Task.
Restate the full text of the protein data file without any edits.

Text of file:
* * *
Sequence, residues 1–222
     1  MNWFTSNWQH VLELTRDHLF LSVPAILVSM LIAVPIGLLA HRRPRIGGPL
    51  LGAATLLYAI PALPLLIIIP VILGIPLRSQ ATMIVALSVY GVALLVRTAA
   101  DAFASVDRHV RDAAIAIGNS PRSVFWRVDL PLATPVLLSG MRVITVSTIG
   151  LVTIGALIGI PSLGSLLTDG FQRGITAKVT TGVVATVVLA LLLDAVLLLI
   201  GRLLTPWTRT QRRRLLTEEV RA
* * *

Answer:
Sequence, residues 1–222
     1  MNWFTSNWQH VLELTRDHLF LSVPAILVSM LIAVPIGLLA HRRPRIGGPL
    51  LGAATLLYAI PALPLLIIIP VILGIPLRSQ ATMIVALSVY GVALLVRTAA
   101  DAFASVDRHV RDAAIAIGNS PRSVFWRVDL PLATPVLLSG MRVITVSTIG
   151  LVTIGALIGI PSLGSLLTDG FQRGITAKVT TGVVATVVLA LLLDAVLLLI
   201  GRLLTPWTRT QRRRLLTEEV RA